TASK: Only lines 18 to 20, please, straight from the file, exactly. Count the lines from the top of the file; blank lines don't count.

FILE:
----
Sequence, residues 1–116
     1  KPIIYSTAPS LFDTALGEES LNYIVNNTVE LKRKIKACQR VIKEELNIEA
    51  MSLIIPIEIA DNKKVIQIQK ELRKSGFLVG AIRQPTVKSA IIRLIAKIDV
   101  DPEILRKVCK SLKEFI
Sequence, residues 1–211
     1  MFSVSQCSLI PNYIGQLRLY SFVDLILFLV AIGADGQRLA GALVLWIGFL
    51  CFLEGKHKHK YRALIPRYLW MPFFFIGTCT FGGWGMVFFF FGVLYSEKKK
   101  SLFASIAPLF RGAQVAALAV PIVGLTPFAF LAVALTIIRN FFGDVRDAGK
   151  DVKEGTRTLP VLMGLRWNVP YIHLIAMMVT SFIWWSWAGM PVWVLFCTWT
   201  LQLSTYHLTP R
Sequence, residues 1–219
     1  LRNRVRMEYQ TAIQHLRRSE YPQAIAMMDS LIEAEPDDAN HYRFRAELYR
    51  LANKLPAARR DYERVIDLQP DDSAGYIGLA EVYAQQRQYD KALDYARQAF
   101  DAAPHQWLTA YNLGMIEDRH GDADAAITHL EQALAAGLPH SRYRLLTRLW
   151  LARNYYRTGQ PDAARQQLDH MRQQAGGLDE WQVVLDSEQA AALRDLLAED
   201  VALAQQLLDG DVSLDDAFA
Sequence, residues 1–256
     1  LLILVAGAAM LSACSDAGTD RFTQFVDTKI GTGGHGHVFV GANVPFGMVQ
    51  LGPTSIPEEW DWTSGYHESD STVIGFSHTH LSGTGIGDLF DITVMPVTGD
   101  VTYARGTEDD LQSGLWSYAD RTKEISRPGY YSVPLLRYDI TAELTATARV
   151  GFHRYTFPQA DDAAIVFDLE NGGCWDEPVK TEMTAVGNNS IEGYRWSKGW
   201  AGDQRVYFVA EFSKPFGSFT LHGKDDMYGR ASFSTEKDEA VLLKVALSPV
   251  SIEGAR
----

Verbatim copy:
     1  LLILVAGAAM LSACSDAGTD RFTQFVDTKI GTGGHGHVFV GANVPFGMVQ
    51  LGPTSIPEEW DWTSGYHESD STVIGFSHTH LSGTGIGDLF DITVMPVTGD
   101  VTYARGTEDD LQSGLWSYAD RTKEISRPGY YSVPLLRYDI TAELTATARV